Kim Wilson at the Classic Film and TV Cafe reviews Man in Grey, a little-known British film that sounds rather transgressive for its time!
Sittin’ on a Backyard Fence announces the March in March blogathon – posts about Fredric March, in the month of March.
Hollywood Reporter explains why there are only two Best Song Oscar nominees this year.
Ryan at The Matinee kicks off his Blind Spot series by watching John Carpenter’s The Thing.
Alex Withrow of And So It Begins runs down the entirely of Spike Lee’s career.
Wilde.Dash of Love and Squalor picks her 30 most anticipated movies of 2012. Some great stuff to look forward to, for sure!
Nicolas Winding Refn talks to The Playlist about Drive
Bonjour Tristesse reviews Dario Argento’s The Bird With a Crystal Plumage, and likes it quite a bit. One I definitely want to catch up with.
Monty at All Good Things counts down his favorite actresses – some great picks here! Love the Lombard love.

Trailers of Interest

(videos open in a lightbox)

Whit Stillman’s Damsels in Distress
Justin Kurzel’s The Snowtown Murders (though I think this one is better; so is the former name)
Juan Carlos Fresnadillo’s Intruders

Max Payne 3
Far Cry 3

Cool videos

(videos open in a lightbox)

The ABCs of Cinema by Evan Seitz
The Knights Who Say Ni! Kinetic Typography by Evan Seitz
Salvador Dali on “What’s My Line”
Music Video: Jack White’s “Love Interruption” (from upcoming album Blunderbuss)
Music Video: YACHT’s “Shangri-La” (from album Shangri-La)
Live Performance: James Mercer singing “September” (from upcoming Shins album Port of Morrow)

News of Interest

Joss Whedon is writing a RomCom. Not my fave genre, but okay.
Netflix is developing an original series with Weeds creator Jenji Kohan
People are planning to remake Hitchcock’s Rebecca and Suspicion. WHY? Although, of all his films, those two are among the least untouchable.
Gina Carano lines up another action film: In the Blood. I’ll watch it.

Bonnaroo lineup is announced

Rockstar is bringing the original Max Payne game to iOS. Cool!
Touch Arcade reviews Beat Sneak Bandit, a new iOS game. I downloaded it; we’ll see what I think.

Short Cuts: Gene Deitch Animation


Originally posted on Row Three.

Los Angeles’ fabulous repertory company Cinefamily shows an animated series every month hosted by Cartoon Brew‘s Jerry Beck. It’s always a great program, but a recent program focusing on the work of animator Gene Deitch is easily the most impressive of all the ones I’ve been to, despite the fact that I was not familiar with Deitch’s work beforehand. Deitch started off as an animator with UPA in the 1950s, then moved to Fox’s Terrytunes, with stints doing Tom & Jerry, Popeye, and Krazy Kat as well, before finally taking an opportunity to head an animation studio in Prague (where he still lives and works). Quite a varied and unusual career, held together by his unique eye and constant quest for new visual styles and innovative ways to use the medium. Deitch himself was here for the program, talking with Jerry about his career and his films, which was pretty special as he’s rarely back in the United States anymore. And of all the filmmakers who I’ve seen at Cinefamily screenings, he was probably the most engaging, with the most fascinating stories to tell.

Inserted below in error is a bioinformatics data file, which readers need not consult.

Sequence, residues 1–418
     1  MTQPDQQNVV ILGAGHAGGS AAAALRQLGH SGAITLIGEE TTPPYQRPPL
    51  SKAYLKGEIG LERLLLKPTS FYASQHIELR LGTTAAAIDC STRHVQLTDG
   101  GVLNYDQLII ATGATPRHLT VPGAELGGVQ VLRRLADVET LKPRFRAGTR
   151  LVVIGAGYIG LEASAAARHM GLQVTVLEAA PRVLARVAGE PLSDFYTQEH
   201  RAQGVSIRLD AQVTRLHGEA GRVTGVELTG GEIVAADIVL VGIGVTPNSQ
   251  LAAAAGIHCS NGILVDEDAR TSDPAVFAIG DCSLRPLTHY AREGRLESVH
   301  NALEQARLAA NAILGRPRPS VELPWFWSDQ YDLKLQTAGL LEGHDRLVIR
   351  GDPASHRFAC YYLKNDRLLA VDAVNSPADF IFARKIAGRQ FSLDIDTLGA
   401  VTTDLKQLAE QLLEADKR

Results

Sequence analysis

But great stories are even better when the films they support are good, and I was quite simply blown away by the quality and creativity of these films, especially considering he was working with MGM and Fox, who are not as well known for pushing the envelope as UPA and Warner Bros. Deitch pushed it anyway, using a very angular, minimalist visual style as well as a highly abstract sense of story and narrative.

Watch what he does with Tom and Jerry here, taking two familiar characters and putting them in a very self-aware, meta-narrative story.

But more of the shorts we saw were original characters, like Flebus, a cartoon that was written and begun by Ernest Pintoff but completed by Gene Deitch, who was also the supervising director.

Or characters from books, like little Munro, who was drafted into the army at the age of four and had a Yossarian-esque odyssey trying to convince the higher-ups that their paperwork was in error.

There’s a wonderful simplicity to these stories – a walking box who just wants to be friends, a little boy who runs head-on into bureaucracy – but they’re both set apart by the uncharacteristically world-weary narration and the unusual animation style. Everyone raves, and rightly so, about the voice work that Mel Blanc did on Looney Tunes, but this is an almost wholly opposite strain of voice acting here that provides a wonderful counterpoint to what was going on over at Warners. It’s a bit more cynical, a bit harder-edged, and a bit more grounded in some ways. (Flebus is voiced by Allen Swift, Munro by Howard Morris.)